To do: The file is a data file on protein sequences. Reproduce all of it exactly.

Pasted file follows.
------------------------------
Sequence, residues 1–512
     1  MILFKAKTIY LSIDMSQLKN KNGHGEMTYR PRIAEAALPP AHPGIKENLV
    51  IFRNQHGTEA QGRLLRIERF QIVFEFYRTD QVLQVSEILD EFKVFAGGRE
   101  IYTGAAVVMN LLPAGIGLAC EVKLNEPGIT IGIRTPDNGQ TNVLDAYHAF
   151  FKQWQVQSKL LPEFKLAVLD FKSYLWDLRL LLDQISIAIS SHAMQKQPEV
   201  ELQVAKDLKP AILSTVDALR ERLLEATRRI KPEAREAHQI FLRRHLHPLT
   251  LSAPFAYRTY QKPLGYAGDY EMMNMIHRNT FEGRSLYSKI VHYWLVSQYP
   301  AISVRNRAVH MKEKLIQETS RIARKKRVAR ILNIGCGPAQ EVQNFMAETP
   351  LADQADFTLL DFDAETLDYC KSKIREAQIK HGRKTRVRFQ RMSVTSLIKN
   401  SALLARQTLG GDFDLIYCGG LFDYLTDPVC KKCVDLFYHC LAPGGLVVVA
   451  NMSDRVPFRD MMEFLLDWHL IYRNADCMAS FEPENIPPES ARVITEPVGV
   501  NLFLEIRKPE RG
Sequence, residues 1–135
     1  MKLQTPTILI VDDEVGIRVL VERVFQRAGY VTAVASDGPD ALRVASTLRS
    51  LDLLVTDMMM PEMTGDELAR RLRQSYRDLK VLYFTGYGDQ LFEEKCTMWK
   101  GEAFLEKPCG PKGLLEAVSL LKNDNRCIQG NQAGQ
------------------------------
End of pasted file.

Sequence, residues 1–512
     1  MILFKAKTIY LSIDMSQLKN KNGHGEMTYR PRIAEAALPP AHPGIKENLV
    51  IFRNQHGTEA QGRLLRIERF QIVFEFYRTD QVLQVSEILD EFKVFAGGRE
   101  IYTGAAVVMN LLPAGIGLAC EVKLNEPGIT IGIRTPDNGQ TNVLDAYHAF
   151  FKQWQVQSKL LPEFKLAVLD FKSYLWDLRL LLDQISIAIS SHAMQKQPEV
   201  ELQVAKDLKP AILSTVDALR ERLLEATRRI KPEAREAHQI FLRRHLHPLT
   251  LSAPFAYRTY QKPLGYAGDY EMMNMIHRNT FEGRSLYSKI VHYWLVSQYP
   301  AISVRNRAVH MKEKLIQETS RIARKKRVAR ILNIGCGPAQ EVQNFMAETP
   351  LADQADFTLL DFDAETLDYC KSKIREAQIK HGRKTRVRFQ RMSVTSLIKN
   401  SALLARQTLG GDFDLIYCGG LFDYLTDPVC KKCVDLFYHC LAPGGLVVVA
   451  NMSDRVPFRD MMEFLLDWHL IYRNADCMAS FEPENIPPES ARVITEPVGV
   501  NLFLEIRKPE RG
Sequence, residues 1–135
     1  MKLQTPTILI VDDEVGIRVL VERVFQRAGY VTAVASDGPD ALRVASTLRS
    51  LDLLVTDMMM PEMTGDELAR RLRQSYRDLK VLYFTGYGDQ LFEEKCTMWK
   101  GEAFLEKPCG PKGLLEAVSL LKNDNRCIQG NQAGQ